24 May 2016 - Post by:Ian Rodgers
‘There is, let me be clear, no magic bullet to change culture’. So said Andrew Bailey in a recent speech – his last one before leaving the UK Prudential Regulation Authority (PRA) to take up the CEO role at the UK Financial Conduct Authority (FCA). It is unlikely to be a coincidence that Mr Bailey chose culture as the topic of his speech, given the emphasis the FCA has put on the importance of ‘good culture’ over the past few years.
Below we summarise the key points Mr Bailey made in his speech. These points are likely to feature prominently in the FCA’s views on, and approach to, culture once Mr Bailey takes up his new role as CEO of the FCA in July 2016.
Mr Bailey was not shy about coming forward about the importance of culture: ‘The culture of firms and the people that make them up’, he said, ‘is of the utmost importance to financial regulators’.
He outlined the things that regulators can and have been doing to influence culture in the marketplace: ensuring that firms have robust governance, insisting that remuneration structures mean that people have ‘skin in the game’ and requiring that risk and audit functions within firms operate effectively.
The impact of a regime change
But, Mr Bailey explained, the approved persons regime had limited the extent to which first the UK Financial Services Authority and then the FCA had been able to have an impact on culture within regulated firms. This was because it had focused on a narrow ‘notion of culpability’, which limited the regulator’s ability to go after senior management when things went wrong at an organisational level.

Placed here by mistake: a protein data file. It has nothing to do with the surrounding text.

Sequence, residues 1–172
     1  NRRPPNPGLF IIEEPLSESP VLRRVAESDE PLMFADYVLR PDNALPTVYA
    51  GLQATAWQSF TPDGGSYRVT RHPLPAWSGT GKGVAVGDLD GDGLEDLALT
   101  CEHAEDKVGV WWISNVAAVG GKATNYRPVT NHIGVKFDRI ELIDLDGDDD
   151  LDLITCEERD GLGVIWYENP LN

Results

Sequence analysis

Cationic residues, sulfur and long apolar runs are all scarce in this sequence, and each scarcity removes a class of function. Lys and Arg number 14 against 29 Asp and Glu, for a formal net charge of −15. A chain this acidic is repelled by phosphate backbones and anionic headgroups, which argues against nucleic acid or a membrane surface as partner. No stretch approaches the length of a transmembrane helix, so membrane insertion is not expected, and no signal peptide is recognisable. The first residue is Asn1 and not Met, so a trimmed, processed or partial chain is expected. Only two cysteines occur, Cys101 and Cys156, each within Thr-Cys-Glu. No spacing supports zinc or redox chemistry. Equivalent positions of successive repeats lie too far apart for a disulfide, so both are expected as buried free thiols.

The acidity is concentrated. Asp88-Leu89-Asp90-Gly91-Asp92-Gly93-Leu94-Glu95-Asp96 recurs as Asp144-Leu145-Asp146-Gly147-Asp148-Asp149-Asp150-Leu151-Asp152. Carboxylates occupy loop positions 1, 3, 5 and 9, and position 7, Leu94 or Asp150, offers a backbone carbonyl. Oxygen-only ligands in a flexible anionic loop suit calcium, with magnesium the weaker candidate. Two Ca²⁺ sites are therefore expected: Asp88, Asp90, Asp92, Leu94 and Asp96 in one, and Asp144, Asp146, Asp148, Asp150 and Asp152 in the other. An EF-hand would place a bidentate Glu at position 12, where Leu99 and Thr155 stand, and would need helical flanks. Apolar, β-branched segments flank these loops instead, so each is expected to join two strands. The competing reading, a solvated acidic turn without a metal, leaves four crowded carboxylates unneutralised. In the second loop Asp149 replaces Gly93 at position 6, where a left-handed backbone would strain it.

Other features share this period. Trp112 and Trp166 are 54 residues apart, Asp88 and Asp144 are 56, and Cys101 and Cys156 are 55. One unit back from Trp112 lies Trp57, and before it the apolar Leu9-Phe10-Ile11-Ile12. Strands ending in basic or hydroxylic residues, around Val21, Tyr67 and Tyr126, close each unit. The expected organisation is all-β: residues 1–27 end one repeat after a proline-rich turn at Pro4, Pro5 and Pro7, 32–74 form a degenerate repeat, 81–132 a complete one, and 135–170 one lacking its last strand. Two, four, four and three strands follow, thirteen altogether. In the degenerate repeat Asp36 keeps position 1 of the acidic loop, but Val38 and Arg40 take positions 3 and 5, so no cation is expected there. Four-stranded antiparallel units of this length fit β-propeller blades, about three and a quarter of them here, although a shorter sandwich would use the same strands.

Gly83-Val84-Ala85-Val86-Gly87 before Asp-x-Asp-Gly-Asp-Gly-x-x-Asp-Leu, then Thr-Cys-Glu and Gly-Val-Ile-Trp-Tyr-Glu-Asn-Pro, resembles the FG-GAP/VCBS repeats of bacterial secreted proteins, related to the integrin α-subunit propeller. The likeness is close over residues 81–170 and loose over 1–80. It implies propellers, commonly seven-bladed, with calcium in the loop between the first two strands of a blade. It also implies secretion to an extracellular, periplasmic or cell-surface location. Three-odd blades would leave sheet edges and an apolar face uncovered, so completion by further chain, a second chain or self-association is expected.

However, things are changing – in Mr Bailey’s view, for the better. The Senior Managers and Certification Regime, he said, ‘is a big step forward’ in enhancing culture in the financial services industry. This is because ‘it embeds the notion of personal responsibility for the affairs of the firm at the level of senior management’. Now, Senior Managers will have ‘a responsibility for forming and implementing a positive culture throughout the organisation’ (a Prescribed Responsibility which must be allocated to at least one Senior Manager in a UK firm). The FCA can take enforcement action against a Senior Manager if it establishes that they have failed to discharge that obligation effectively.
Of course, Mr Bailey’s views on the importance of culture in the financial services industry are largely in keeping with what we have been hearing from people high-up in the FCA for quite some time now. For instance, in November of last year, Mark Steward, the Director of Enforcement and Market Oversight at the FCA, gave a high-profile speech about what Senior Managers could do to ensure that they set the ‘right tone from the top’ at their firms.
Then, in January of this year, we had the drama of Tracey McDermott, the FCA’s acting CEO, and John Griffith-Jones, its Chairman, being hauled in front of a select committee to answer questions about why a thematic review of the impact that cultural change programmes were having on behaviour within banks had been dropped despite cultural concerns being high on the FCA’s priority list. The issue of culture was also addressed in the FCA’s most recent Business Plan.
It is difficult, therefore, not to see Mr Bailey’s speech as a final warning to firms on the subject of culture. ‘There has not been a case of a major prudential or conduct failing in a firm which did not have among its root causes a failure of culture as manifested in governance, remuneration, risk management or tone from the top’, he said. And the Senior Managers and Certification Regime will provide a new impetus for the FCA to take action on the issue.
This is hardly a coded message: Firms and their Senior Managers had better take note.